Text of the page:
On the events of the past year when it comes to the Black community
HTH: It’s great to see how woke the world has become to the struggles of the Black community. Technology has really served as an amazing tool to call out injustice and come together to stop it. We faced this COVID issue locked down in our homes, so all eyes were able to witness situations like George Floyd and do something about it.
The rock community, which is predominately white, really did their best to support the Black community in these hard times. I saw posts from many bands I’ve looked up to showing love and doing what they can to support.
MB: It just makes me angry — angry for people who look like me, angry for families who will never get justice, angry over the ones who will never understand what we go through. I’ve done my best to use that anger for good and take it out on the music — writing “And You Wonder Why They Kneel” was incredibly cathartic for me.
Palaceburn has another song we’re working on for the new record called “fortyacres” which really talks about the hypocrisy of the police. It’s the heaviest song I’ve ever written — being able to work alongside my bandmates has been incredibly helpful.
On Meredith’s experience of being a Black woman in metal and why there aren’t more Black artists in rock
MB: White supremacy. Point blank. When you’re in music class in school, who’s the first person teachers give credit to for creating rock? Elvis. That’s completely and utterly inaccurate. Elvis was a colonizer.
White people always want to take credit for f—ing everything. But it took me years to do the research myself. No one told me. No one gave me the heads-up that the music I enjoyed — my ancestors had an integral part in the creation of the genre. I feel like if history was taught the way that it should have been taught then we would see way more Black rock artists out there…but they’re coming. I see more and more groups every day with Black members, it’ll happen.
My personal experience has been up and down. I sometimes feel that I would be further along in the industry if I weren’t Black. There are no women in the mainstream rock world that look like me. It’s disheartening. But I’ve also had little Black girls come up to me and say that they’ve been inspired, that they wish they had me when they were growing up. I wish I had me too.
Black and Brown girls from all over the world, beautiful, amazing creatures from all walks of life who are in the alternative scene tell me that they look up to me. It’s wild, and I don’t take it for granted, not for a second.
On what people should know about experiences of Black people
MB: That it’s not our choice. That we, as Black people, do not have the privilege to not make things about color. I hear that all the time, you know? “I don’t see color. We’re all the same.” We’re actually not, and that’s the whole point. There are experiences that a Black person has to navigate that someone who is not a POC will never fully be able to understand. The systemic racism, the microaggressions, the fear for your own safety for just doing meaningless tasks, it’s a whole lot.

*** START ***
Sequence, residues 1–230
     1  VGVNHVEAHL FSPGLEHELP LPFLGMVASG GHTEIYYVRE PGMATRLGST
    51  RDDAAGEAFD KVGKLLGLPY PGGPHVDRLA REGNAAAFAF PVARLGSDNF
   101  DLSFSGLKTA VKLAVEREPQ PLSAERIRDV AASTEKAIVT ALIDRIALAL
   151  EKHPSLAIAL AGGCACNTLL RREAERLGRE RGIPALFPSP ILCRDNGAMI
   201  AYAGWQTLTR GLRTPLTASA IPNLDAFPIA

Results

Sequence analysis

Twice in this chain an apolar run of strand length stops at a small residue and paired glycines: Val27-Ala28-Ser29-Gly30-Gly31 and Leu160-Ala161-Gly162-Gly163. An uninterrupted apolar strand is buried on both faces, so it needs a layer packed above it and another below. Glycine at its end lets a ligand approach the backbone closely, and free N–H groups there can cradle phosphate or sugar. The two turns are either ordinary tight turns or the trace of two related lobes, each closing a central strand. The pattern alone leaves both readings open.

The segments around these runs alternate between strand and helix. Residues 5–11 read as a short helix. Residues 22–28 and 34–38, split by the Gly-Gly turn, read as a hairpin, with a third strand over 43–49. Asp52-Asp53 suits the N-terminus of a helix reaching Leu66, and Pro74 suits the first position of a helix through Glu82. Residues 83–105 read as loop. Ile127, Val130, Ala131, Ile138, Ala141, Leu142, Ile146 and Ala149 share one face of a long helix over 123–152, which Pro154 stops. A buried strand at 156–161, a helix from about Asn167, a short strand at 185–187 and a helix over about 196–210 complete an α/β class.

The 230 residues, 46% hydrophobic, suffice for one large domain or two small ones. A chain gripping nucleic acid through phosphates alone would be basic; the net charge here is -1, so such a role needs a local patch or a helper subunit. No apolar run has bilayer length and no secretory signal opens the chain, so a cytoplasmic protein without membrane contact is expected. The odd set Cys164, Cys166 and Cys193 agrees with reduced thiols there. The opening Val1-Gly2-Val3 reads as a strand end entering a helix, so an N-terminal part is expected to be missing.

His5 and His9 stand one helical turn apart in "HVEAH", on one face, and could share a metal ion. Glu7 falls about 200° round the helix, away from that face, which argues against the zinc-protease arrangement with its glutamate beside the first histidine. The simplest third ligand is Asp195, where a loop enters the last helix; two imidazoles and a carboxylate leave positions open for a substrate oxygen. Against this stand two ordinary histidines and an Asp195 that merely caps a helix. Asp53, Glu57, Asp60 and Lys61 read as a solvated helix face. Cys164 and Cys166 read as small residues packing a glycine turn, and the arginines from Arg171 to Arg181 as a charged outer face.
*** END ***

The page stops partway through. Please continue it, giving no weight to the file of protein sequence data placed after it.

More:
HTH: The black experience is unique. We are such a diverse people with a history going [back] all the way to Africa. There’s so much I haven’t even learned. What I would want any race to know is that our history was not just slavery. History books in school loved to focus on that part. There was a time we were Kings and Queens in Africa. I didn’t learn that in school.
On what they would say to their ancestors and future generations
HTH: I would thank them as much as I could and wish I can take all the pain away. I’d let them know we’re still fighting and we’re bringing hell to any racist. I’d also let them know about these Karens out here and how we’re catching them with cell phones. I’d inform them of all the outstanding things we have done. I’d show them music videos and my music so they can see how music can bring people together no matter what background.
To all my young people, I would say gain knowledge of self and truly learn your history. Use YouTube to search black scholars and activists of the past who have paved the way for the wokeness you have now.
MB: The only thing I think I’d say to my ancestors is just, “Thank you.” I’m incredibly grateful for their sacrifice and everything they went through so that people like me can have the lives we have.
For the young folks? Keep pushing. Keep striving. Stay true to yourself. Be independent, be yourself and don’t let anyone tell you what you should or shouldn’t do based on your skin color. You have the choice to do and be anything you want. Don’t allow yourself to be limited just because others think something you enjoy is “white”. You define your own Blackness. You define your own journey.